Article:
A: They were. A lot of them were like, yeah, I guess it’s good you didn’t ask us anything. Just last night actually, a friend was telling me that the role gave her PTSD because it reminded her of a boss she had.

Q: I was about to ask – did you ever have a boss or supervisor who was quite as hard as you as Eric is on Harper?

A: No. That would have to be – ah, I take it back! I did. This was nothing to do with acting. This was for one of my early day jobs. I worked at Rockefeller University in New York City. Rockefeller University is a research university. It’s where David Hope, one of the pioneers of AIDS treatments, hails from and works at. Anyway, it’s a think tank, it’s the headquarters for high science. It’s not like a regular university with students who go there. I worked for Dr. Mary Jean Creek, who was one of the pioneers of methadone treatment. It was an interesting job, because I’d be working in a lab, but because it was methadone research, we needed volunteers who were heroin addicts. Here I am in a place where everyone is in lab coats and everything is clean and sterile, and I would field calls from addicts who wanted to be part of it. But anyway, the point is, Dr. Mary Jean Creek was really, really tough. My job obviously had nothing to do with science. My job was to do the Dictaphone machine. She had to apply for lots of grants to finance her work, so I had to listen to her give these kind of rambling, full of science jargon talks that I would then type up and then we would submit that to the grant. It got to a point, it didn’t take long, where I couldn’t make heads or tails of what she’s talking about. I’m just typing up what I think I’m hearing. Sometimes I would get it just wildly wrong, spelling things etc. She flipped out. She was like, this makes no sense, and yeah, that was a hard grant, that particular one.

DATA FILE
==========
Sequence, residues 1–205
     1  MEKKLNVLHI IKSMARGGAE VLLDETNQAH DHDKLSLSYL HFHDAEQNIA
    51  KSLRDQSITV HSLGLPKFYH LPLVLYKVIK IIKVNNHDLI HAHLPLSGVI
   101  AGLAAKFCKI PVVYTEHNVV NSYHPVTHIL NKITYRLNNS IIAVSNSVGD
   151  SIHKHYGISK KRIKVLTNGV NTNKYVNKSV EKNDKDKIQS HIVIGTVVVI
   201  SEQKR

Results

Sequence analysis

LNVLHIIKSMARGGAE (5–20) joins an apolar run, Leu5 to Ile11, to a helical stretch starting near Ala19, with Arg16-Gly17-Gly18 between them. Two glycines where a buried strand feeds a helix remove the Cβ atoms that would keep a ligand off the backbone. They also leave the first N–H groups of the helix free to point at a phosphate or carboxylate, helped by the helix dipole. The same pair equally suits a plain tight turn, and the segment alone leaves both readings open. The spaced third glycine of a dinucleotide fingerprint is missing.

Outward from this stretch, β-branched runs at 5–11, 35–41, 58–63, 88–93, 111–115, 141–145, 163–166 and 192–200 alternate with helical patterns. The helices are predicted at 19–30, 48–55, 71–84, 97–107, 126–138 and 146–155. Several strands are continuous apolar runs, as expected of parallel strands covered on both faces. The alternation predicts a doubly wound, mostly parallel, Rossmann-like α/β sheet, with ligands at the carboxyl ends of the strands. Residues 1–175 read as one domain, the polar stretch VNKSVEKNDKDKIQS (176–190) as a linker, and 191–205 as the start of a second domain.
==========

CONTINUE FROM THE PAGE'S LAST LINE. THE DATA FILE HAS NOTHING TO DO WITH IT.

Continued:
Q: So Eric is tough, but he also knows what he’s talking about. Do you think that overall he’s a good guy?

A: I don’t want to say that, because he’s a guy…I don’t want to put a word on him. Especially now, because he’s being challenged for the way he’s been at the end of season one and top of season two. It’s kind of fluid. But having said that, the short answer is yes. He’s a dad. We got a glimpse of him with his girls. He wasn’t throwing them off cliffs. He’s a good guy that I think had a challenging path to where he’s at that has made him be the way he is. And it’ll be interesting to see how he either maintains that or changes tracks because it’s starting to not work.

Q: I spoke to Myha’la yesterday and she said that you, not Eric, had this calm preparedness always, and described you as a mentor. Is that an accurate assessment of your relationship with her, the actress?

A: That’s very sweet of her to say. I guess so. I’m reluctant to say it only because to say I’m her mentor implies that she’s in need of that. I don’t know that she is. She’s very intuitive, especially for her years. She has a looseness about her that I certainly did not have when I was her age. Maybe by virtue of experience, I have more work-related stories to tell her that makes her feel like I’m a mentor, but I just see us as buddies.

Q: Who are some of your other favorite scene partners?